Hungary’s central bank has announced the country has boosted its gold reserves tenfold to 31.5 tons. The regulator says it wants to improve the security of the nation’s wealth and to reduce risks.
According to the bank’s governor, Gyorgy Matolcsy, the decision was of “economic and national strategic importance” and has been made after Prime Minister Viktor Orban requested a year ago that the bank assess its gold strategy.
Matolcsy has also recalled Hungary’s heritage as one of the world’s largest gold producers in the Middle Ages.
Gold now accounts for 4.4 percent of Hungary’s national bank’s reserves, according to the bank’s vice-president Marton Nagy.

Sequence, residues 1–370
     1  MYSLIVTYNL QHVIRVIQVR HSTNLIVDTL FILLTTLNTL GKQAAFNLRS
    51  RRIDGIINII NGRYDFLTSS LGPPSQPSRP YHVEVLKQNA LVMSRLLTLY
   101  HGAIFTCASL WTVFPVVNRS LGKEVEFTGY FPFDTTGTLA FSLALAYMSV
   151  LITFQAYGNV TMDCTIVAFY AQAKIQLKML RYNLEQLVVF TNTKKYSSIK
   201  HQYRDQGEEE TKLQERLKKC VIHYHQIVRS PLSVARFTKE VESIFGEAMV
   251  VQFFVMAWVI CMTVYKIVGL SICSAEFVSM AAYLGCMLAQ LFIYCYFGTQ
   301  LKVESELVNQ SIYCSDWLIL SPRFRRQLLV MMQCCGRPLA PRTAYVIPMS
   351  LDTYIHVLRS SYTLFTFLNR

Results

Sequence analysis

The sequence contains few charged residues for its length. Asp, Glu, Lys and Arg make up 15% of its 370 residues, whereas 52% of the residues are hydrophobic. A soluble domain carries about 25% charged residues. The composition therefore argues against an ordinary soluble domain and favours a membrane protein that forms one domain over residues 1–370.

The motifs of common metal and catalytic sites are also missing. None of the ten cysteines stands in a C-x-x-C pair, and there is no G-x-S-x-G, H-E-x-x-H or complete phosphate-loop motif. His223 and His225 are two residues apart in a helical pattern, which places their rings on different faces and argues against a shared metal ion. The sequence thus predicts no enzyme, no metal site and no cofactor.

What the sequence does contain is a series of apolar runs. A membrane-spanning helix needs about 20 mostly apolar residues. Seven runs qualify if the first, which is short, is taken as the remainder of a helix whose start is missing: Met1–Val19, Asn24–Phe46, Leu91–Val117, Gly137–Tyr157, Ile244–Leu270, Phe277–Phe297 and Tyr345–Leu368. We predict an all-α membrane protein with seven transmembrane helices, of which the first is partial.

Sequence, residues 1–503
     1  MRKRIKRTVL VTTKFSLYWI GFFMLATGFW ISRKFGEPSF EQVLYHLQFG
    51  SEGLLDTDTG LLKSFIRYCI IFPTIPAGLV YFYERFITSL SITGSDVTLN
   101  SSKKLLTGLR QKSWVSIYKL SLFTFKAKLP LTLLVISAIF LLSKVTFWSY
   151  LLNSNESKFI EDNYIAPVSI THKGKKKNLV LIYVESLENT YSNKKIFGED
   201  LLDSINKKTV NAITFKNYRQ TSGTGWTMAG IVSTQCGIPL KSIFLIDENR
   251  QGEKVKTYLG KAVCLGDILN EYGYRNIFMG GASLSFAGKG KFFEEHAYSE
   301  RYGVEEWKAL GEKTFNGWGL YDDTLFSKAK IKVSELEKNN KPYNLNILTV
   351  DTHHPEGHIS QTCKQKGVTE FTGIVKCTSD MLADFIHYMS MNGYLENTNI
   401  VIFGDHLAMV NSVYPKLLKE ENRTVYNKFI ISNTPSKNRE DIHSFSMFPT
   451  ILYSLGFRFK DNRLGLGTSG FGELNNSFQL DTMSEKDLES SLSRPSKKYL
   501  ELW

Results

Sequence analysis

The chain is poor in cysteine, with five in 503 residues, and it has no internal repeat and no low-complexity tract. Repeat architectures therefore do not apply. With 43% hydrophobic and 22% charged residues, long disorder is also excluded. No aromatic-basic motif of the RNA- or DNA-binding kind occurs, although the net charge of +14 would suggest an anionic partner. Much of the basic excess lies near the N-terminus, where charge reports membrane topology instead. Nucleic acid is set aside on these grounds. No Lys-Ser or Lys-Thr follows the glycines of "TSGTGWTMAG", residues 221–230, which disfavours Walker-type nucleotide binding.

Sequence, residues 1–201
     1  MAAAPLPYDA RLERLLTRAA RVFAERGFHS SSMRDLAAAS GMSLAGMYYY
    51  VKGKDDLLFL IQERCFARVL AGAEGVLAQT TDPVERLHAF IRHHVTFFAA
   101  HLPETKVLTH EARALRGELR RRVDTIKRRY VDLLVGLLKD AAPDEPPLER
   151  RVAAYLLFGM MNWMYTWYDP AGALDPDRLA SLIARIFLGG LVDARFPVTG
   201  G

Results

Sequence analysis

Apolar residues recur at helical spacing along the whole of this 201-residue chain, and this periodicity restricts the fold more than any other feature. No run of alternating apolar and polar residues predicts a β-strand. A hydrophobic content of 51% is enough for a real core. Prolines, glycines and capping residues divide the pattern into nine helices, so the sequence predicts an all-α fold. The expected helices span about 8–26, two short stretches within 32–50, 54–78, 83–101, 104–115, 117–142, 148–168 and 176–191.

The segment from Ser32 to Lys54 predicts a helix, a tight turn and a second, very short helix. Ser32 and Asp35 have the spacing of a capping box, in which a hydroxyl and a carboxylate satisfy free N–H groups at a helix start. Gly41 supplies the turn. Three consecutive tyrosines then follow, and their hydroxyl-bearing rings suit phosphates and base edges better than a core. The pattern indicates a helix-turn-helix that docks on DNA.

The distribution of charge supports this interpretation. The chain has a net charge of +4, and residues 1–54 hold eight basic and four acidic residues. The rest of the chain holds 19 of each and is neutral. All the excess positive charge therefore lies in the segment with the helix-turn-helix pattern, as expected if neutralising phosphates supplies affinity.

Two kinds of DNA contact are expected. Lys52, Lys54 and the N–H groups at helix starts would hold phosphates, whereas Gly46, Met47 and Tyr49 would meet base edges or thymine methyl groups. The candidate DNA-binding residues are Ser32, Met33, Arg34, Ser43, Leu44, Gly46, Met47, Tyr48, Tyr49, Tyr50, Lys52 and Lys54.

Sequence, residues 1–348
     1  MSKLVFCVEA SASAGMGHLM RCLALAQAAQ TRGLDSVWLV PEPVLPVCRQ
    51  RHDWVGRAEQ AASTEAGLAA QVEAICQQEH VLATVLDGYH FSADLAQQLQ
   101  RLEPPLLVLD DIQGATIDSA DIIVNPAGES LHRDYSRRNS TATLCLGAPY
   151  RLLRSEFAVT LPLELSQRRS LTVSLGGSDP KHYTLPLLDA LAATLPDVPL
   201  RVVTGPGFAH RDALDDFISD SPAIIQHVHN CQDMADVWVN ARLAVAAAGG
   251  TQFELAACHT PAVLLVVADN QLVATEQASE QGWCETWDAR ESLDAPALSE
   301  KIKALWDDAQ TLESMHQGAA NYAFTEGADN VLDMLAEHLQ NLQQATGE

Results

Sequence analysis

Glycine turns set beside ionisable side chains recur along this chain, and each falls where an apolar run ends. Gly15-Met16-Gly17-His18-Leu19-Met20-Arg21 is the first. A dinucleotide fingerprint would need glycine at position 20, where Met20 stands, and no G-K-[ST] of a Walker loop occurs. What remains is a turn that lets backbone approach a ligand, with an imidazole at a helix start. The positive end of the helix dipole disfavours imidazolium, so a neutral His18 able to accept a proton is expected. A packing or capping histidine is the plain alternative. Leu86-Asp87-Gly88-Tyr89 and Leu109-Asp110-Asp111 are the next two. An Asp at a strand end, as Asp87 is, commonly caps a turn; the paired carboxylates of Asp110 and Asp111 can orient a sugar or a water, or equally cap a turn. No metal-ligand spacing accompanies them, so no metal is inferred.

The purchase of the precious metal takes Hungary’s holdings to the highest in almost three decades, but the country is still a relatively small bullion holder. It ranks outside the top 50 globally, according to World Gold Council data.
“It’s a strange move, a big increase, and it seems quite high,” Timothy Ash of Bluebay Asset Management told the Financial Times.
He said that “people are struggling to understand the logic behind it,” adding that at a time when Budapest was having “challenging” relations with Brussels, the move could be viewed as an assertion of independence.
Last month, Poland raised its gold holdings to the highest level (about 117 tons) in at least 35 years.